disposal at a [Ef W] facility than at a regional MSW landfill.33

National and state recommendations


The most sustainable and cost-effective approach to limiting the amount of trash sent
to landfills is avoiding waste generation entirely. Since that is hardly likely to happen at
any point in the near future, however, the United States should create strong policies
to increase recycling and composting efforts and implement policies to increase the
amount of trash sent to Ef W facilities.
The United States currently has 86 Ef W plants operating in 24 states processing more
than 97,000 tons of waste per day.34 The New England regionConnecticut, Maine,
Massachusetts, Maryland, New Hampshire, New Jersey, and New Yorkalone has 37
operating plants. Connecticut has the highest percentage of its waste going to Ef W
plants of any stateabout 70 percent of its nonrecyclable trashand nearly 25 percent
of its waste is recycled.35 According to Eileen Berenyi of the research and consulting
firm Governmental Advisory Associates, Ef W in Connecticut contributes $428 million
annually to the states revenue and has created nearly 1,000 jobs.36
Despite the economic benefits of Ef W facilities, the United States as a whole is not taking advantage of Ef W technology, especially when compared to Europe. Countries such
as Germany, the Netherlands, Austria, Belgium, and Sweden have proved that recycling
and Ef W management go hand in hand.37 These five nations have the highest recycling
rates in Europe and have reduced their dependence on landfills to 1 percent or below
of waste disposal.38 European nations have been able to achieve these rates because of
the EU Landfill Directive,39 which allows different countries to implement their own
programs and policies to drive down the amount of garbage sent to landfillswhether
that involves increasing landfill fees or increasing recycling-collection schemes. Nations
in Europe also recognize Ef W as a renewable energy source and are using this technology to help reach renewable-energy targets.40

Center for American Progress | Energy from Waste Can Help Curb Greenhouse Gas Emissions

Because of strong nationwide


policies, the EU member states
sent 19 percent less trash to
landfills in 2011 compared
to 2001.41 This ultimately
decreases the amount of
greenhouse gases emitted from
landfills and helps fight climate change. In order for the
United States to begin reducing
the amount of waste sent to
landfills, increasing recycling
rates, and generating renewable energy, a municipal-solidwaste portfolio standard must
be enacted by Congress and
applied nationwide in order to
decrease greenhouse-gas emissions from landfills, and individual states should include Ef W
in current renewable-energy
portfolio standards.

FIGURE 3

European nations are a model for waste management


Management of Americas waste compared to European nations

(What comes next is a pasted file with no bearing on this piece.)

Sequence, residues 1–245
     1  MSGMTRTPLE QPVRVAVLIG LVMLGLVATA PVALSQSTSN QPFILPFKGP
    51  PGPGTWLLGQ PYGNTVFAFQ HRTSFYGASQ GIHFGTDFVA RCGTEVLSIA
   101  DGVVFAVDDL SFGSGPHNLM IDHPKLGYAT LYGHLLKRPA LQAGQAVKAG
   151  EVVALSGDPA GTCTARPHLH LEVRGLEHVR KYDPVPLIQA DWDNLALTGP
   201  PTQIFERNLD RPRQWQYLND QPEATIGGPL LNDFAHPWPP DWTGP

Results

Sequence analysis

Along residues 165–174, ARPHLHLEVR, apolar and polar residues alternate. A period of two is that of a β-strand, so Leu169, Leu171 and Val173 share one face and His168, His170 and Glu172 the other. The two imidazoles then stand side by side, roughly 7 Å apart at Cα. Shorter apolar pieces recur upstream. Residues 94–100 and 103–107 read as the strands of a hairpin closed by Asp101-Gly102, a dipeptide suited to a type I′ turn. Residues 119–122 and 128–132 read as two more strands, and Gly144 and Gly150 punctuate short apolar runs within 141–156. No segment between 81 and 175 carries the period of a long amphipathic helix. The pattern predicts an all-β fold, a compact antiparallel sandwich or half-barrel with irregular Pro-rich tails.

Recycling/composting

Energy from waste

Landfilled
1%

100%
30%
38%

80%

39%

38%

37%
49%

69%
60%
22%
40%

70%
7%

62%

62%

61%

50%
40%

20%
24%
0
United States

Germany

Netherlands

Austria

Belgium

Sweden

European
Union 27

Sources: BioCycle and the Earth Engineering Center of Columbia University; Confederation of European Waste-to-Energy Plants

Municipal-solid-waste portfolio standard


The United States should set a municipal-solid-waste portfolio standard that would not
only increase our nations rates of recycling and composting but would also significantly
decrease the amount of garbage destined for landfills. As many European nations have
already demonstrated, recycling efforts must be included in any national policy in order
to reduce the level of waste in landfills. A few U.S. states have already established MSW
strategies; both California and Florida, for example, have enacted a 75 percent recycling,
including composting, goal by 2020.42 Establishing incentives for recycling, such as providing homes and businesses with free recycling containers in conjunction with free pickup
for recyclables, and creating a market for recyclable materials is also paramount to achieving those standards. Specifically, an executive order requiring federal government agencies
to purchase recycled-content materials will establish a market for these products.
By learning from what some states have successfully implemented, a U.S. nationwide
standard should be created that mirrors what the European Union has established.
Doing so will protect the environment, conserve energy, and reduce greenhouse gases.

1%

Center for American Progress | Energy from Waste Can Help Curb Greenhouse Gas Emissions

Include EfW generation in state renewable portfolio standards


States adoption of renewable-energy standards, which require electric-utility companies to produce a portion of their electricity from renewable resources, has considerably driven clean energy advances in recent years. The 29 states and the District of
Columbia that have such standards also include landfill gas as an eligible technology, but